From Philadelphia, she sailed to New York the next day, arriving March 26. Peder Langeland, whose story has been added to my Norwegian Warsailors Stories section, joined the ship there on March 31. She subsequently remained there for quite a long time, before proceeding to Halifax for convoy on Apr. 22, departing on Apr. 25 in Convoy HX 123, bound for Liverpool with general cargo, with arrival May 13. See also the cruising order/Commodore's notes.
Heina left Liverpool again on June 1-1941 in order to return to Halifax (joining Convoy OB 330 - external link - Ingerfem and Noreg are also named). On this voyage (on June 11?), she rescued survivors from the British M/T Wellfield from the dispersed Convoy OB 328 (also external page) which had been torpedoed by U-48 in the early morning hours of June 5-1941 (48 34N 31 34W) - see the external link provided below for more on this attack. A thank you note was later received, dated Halifax July 13-1941 (should this be June 13?) with the following words (translated from "Tusen norske Skip", Lise Lindbæk, 1943):
"We the undersigned wish to thank you, your officers and crew for the kindness and care which we received by your hand during our stay on board your ship. It was truly a happy fate that lead you to cross our path to save us from terrible suffering, grief and perhaps death itself. Only those who have experienced the strain of 4 days and nights in an open boat can fully understand the deep gratitude one is filled with, which words seem unfit to express. Therefore, we wish you Sir, and your crew good luck on your continued travels, and we pray God that the battle we as allies are now taking part in will end in victory and the freedom of your country. As we again thank you from the bottom of our hearts we sign with the greatest respect, members of the crew from M/T Wellfield: B. C. Bennett, J. L. Browne, F. C. Smith, G. W. Cruikshank, J. A. Taylor, E. R. Tomlinson, J. Sharples, F. Card, Leonard Heywood, Jeffrey Chequer, Ole Rovik, F. Nicholson, J. Kenny, C. H. Jones, John Reid".
This rescue is also mentioned by Peder Langeland, who says there were 19 survivors, but one died while being taken on board from the lifeboat. Uboat.net, which I've linked to below, says Heina picked up 15 survivors, while 19 were picked up by British Ardour - 15 are named in the thank you note above. "Nortraships flåte" states that from Heina they had in fact seen a U-boat on the surface in the evening of June 9, in position 48 30N 31 40W. The boat had been seen about 4 n. miles away for 6 minutes, heading in an easterly direction at full speed. Captain Aardal did not immediately report the sighting, not wanting to break the radio silence, but did pass it on to a corvette 2 days later.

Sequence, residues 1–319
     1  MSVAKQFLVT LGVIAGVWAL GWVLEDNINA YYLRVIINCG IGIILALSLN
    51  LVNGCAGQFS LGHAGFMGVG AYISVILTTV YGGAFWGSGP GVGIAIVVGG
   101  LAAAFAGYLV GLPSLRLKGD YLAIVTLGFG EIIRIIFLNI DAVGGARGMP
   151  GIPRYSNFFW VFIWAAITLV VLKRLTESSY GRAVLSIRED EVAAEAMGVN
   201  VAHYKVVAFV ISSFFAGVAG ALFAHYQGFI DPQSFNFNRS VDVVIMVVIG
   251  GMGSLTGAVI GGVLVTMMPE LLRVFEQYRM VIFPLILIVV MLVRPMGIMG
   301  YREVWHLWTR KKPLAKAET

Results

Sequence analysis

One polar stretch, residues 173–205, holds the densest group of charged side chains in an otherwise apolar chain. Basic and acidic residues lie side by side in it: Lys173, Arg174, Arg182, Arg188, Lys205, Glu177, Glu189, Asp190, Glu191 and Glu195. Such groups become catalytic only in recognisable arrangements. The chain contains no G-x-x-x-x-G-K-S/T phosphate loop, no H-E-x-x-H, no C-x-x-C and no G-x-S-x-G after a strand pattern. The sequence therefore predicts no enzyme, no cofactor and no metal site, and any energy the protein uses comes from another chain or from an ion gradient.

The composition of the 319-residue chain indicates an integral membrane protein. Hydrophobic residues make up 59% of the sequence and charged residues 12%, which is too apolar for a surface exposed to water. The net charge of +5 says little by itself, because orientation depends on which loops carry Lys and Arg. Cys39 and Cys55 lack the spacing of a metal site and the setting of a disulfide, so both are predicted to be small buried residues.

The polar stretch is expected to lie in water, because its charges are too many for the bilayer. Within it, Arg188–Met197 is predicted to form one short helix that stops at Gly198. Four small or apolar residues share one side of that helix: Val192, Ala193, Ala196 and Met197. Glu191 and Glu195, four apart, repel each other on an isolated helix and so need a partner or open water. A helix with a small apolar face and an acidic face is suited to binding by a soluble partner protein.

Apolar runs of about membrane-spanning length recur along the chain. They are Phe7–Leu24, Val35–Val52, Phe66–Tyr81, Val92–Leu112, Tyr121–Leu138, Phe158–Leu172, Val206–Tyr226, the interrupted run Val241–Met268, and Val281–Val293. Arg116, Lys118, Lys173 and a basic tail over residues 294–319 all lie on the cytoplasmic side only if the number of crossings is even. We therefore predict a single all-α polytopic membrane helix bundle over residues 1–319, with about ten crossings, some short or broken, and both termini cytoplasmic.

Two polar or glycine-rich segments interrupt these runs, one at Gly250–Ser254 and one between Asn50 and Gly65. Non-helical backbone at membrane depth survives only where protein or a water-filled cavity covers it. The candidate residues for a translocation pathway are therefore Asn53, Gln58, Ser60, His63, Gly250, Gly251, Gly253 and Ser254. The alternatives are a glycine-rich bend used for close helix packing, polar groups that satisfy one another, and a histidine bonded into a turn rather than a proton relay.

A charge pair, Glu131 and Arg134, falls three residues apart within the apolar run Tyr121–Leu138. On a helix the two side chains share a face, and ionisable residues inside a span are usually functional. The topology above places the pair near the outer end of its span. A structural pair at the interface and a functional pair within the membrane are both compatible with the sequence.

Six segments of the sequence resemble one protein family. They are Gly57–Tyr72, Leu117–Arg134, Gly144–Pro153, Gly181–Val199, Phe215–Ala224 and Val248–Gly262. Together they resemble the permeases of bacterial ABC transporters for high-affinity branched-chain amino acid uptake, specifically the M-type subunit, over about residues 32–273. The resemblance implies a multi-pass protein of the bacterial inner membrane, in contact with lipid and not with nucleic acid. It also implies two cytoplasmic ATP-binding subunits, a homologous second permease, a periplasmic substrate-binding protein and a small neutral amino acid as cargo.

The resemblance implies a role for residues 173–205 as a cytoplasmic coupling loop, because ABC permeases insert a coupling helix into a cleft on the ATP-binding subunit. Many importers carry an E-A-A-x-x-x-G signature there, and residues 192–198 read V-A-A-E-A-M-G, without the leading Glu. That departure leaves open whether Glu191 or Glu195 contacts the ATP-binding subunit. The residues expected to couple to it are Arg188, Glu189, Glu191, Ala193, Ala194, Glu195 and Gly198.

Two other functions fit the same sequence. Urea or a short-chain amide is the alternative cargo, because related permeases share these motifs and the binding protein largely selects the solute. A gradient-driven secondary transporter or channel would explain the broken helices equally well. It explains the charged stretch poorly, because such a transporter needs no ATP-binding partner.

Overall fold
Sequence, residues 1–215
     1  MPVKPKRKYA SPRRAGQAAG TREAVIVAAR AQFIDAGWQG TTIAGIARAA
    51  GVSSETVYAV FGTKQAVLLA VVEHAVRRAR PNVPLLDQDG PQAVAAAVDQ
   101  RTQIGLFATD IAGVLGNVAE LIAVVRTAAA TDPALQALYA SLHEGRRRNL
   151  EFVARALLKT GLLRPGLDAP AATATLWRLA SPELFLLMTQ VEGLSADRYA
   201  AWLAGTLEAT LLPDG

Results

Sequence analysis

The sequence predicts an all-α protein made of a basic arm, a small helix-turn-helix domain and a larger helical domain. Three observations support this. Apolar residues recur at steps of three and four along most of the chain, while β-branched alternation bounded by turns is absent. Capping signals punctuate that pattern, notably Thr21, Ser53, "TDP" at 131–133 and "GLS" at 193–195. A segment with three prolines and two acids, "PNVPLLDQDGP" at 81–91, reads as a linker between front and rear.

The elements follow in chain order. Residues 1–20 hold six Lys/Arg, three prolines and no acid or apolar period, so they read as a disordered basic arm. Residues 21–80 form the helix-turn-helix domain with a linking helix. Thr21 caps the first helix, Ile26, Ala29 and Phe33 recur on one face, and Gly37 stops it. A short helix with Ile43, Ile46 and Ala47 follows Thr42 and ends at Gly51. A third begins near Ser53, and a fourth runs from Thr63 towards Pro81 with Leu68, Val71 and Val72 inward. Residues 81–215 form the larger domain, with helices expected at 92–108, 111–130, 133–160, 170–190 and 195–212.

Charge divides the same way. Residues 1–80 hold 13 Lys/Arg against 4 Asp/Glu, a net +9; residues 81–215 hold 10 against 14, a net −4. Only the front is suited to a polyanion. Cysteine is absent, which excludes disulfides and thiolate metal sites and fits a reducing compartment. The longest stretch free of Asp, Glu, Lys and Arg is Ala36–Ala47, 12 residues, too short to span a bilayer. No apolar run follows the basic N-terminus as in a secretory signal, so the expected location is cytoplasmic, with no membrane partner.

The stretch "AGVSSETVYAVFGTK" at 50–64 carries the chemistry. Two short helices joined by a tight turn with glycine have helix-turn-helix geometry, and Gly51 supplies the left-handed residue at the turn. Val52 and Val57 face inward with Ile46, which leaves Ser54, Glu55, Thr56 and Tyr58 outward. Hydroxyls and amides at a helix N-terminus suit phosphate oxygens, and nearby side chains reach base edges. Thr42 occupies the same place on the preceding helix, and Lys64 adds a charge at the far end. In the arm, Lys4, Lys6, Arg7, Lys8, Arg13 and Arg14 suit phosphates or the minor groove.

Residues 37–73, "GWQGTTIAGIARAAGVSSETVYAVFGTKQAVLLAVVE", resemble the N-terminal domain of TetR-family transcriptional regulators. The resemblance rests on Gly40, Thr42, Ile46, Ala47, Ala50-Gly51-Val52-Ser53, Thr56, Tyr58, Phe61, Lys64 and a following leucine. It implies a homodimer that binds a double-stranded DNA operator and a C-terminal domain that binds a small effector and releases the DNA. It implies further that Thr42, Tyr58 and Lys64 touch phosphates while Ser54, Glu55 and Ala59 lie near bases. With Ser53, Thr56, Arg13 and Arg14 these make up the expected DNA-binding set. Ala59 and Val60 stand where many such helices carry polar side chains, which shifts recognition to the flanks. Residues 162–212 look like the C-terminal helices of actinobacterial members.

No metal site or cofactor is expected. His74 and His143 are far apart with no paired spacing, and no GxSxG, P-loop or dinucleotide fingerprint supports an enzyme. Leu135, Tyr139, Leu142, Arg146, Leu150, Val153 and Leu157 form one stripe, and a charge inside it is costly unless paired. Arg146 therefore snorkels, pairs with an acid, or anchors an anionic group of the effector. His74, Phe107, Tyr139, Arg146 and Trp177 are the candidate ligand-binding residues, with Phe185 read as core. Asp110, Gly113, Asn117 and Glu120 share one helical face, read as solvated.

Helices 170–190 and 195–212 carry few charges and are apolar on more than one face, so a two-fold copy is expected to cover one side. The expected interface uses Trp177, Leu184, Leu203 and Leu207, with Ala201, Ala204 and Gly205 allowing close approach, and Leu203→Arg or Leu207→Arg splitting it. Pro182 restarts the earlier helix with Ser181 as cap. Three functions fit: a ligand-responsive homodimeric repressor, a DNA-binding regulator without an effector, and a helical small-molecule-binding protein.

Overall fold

Heina arrived Halifax on June 13 and continued to New York a few days later (arrived June 18), leaving again on July 1 in order to go back to Halifax for a convoy to the U.K. She joined Convoy HX 137 on July 6, but returned to port (Sydney, C.B.). Her movement card says she required minor repairs July 6, completed July 8*, adding that she arrived Sydney N.S. on July 15 (agreeing with Page 1). She's listed in the Sydney, C.B. portion of Convoy HX 139 on July 17 (see also Page 2; the Commodore's report is also available for this convoy). Heina's voyage information is given as New York-Liverpool with 7042 tons of general cargo, arrival Liverpool July 31. Having undergone some repairs from Aug. 11 to Aug. 13, she left Liverpool for Halifax again on Aug. 15 (for this voyage, she's listed in Convoy ON 8), arriving her destination on Aug. 30, leaving Halifax for New York the next day, arriving Sept. 3, departing New York for Halifax on Sept. 12, arrival Sept. 14, then headed back to the U.K. on Sept. 16 with Convoy HX 150 (station 64) along with the Norwegian Fenris, Solfonn, Havkong, Garonne, Thorshavet, Topdalsfjord, Varanger (returned) and Braganza. A. Hague has also included Boreas. This convoy arrived Liverpool on Sept. 30-1941. (It'll be noticed that most of the details in this paragraph agree with the archive documents).
Peder Langeland also mentions another incident, which took place "some voyages later" (meaning, some voyages after the resue of Wellfield's survivors). She was again en route from Liverpool to Halifax in a convoy which was split up, the ships having various destinations. That same day, a U-boat came up behind them and started to fire. Heina's engines were pushed to their utmost, while their 2 English gunners returned the fire, but no hits were observed. This continued all day, until the weather worsened and they were finally able to get away in the dark. He says full speed was normally about 12 knots, but he remembers they were up to 17 knots when they got away (he worked in the engine room). This resulted in some damages to her engines so that she had to go straight to a yard where she stayed for 2 months. Peder Langeland paid off on Nov. 21, owing to the fact that she was going to the yard. Her movement card for that period states that (after having previously arrived with HX 150 as mentioned above) she had departed Liverpool for New York on Oct. 15-1941, with arrival New York on Nov. 7 (via Halifax Nov. 4). She had been in the westbound Convoy ON 27, which left Liverpool on Oct. 16 and dispersed Nov. 2. This convoy will be added to its own individual page in my Convoys section, but in the meantime, the ships sailing in it are named in the section listing ships in all ON convoys. As will be seen, several other Norwegian ships are included. Her movement card adds that the engine repairs were expected to be completed on Dec. 20-1941; this date was later changed to Dec. 31. Going back to Page 2, we see that she did not leave New York again until Jan. 21-1942.